In the context of Nepal, where women are imbedded in larger social systems and are only marginally involved in the decisions that control their fertility, promoting injections means that the body of the woman is doubly acted upon: once by the family and other social institutions, and the second by the medical apparatus of the state.

The health care system of Nepal, patched together with few resources and even fewer trained personnel, is a dubious system to carry out this mission of "choice" advocated by international donors who see contraceptives as a way to empower women and free them from their life-threatening task of childbearing. Many women who are injected with a implant like Norplant are not able to voice their side effects as anything other than "women's illnesses" for which there is no conceivable cure. Medical personnel, used to treating women's perceptions of their own health from the lenses of their medical authority, are hard pressed to take any complaints seriously. Tied to this is the notion that all injections are "good medicine", and you have the perfect conditions of Third World female bodies being the physical testing ground for the ideologies of an unholy trinity: transnational pharmaceutical companies, Malthusian international aid, and national development.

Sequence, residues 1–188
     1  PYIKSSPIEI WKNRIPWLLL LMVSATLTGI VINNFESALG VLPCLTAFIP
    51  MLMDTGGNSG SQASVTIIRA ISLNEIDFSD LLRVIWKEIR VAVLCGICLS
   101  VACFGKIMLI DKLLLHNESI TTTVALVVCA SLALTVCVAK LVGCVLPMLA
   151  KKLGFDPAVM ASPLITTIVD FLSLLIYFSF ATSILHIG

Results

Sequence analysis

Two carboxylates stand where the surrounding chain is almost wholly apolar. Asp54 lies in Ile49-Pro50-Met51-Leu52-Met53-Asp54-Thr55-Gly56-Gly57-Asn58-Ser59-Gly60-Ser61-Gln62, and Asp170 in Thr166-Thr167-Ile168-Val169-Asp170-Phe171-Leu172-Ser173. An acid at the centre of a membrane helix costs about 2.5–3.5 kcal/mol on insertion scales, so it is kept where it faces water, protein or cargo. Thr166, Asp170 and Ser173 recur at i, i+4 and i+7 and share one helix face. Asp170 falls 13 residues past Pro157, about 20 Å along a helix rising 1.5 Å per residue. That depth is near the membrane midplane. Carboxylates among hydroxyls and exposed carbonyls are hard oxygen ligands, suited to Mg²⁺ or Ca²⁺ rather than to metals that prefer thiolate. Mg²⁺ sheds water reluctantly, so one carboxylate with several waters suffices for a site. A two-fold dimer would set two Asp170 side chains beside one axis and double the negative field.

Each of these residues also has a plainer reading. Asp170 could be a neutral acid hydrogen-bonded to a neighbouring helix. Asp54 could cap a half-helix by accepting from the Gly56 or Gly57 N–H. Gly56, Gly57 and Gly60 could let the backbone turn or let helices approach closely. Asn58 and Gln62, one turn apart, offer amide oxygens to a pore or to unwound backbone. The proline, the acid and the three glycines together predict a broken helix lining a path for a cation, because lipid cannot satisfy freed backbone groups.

The idea of "choice", popular among international donors, becomes a mockery in these circumstances. As the advertisements point all too clearly, the (female) targets of population control are not even afforded the choice of a nice array of hormonal injectibles, far less anything more easily controlled and less invasive like female condoms or diaphragms. Their rights to information to what is being done to their bodies and their rights to safer methods of fertility control are overridden to the larger imperatives of a nation-state and international aid regime frenetically obsessed with "development".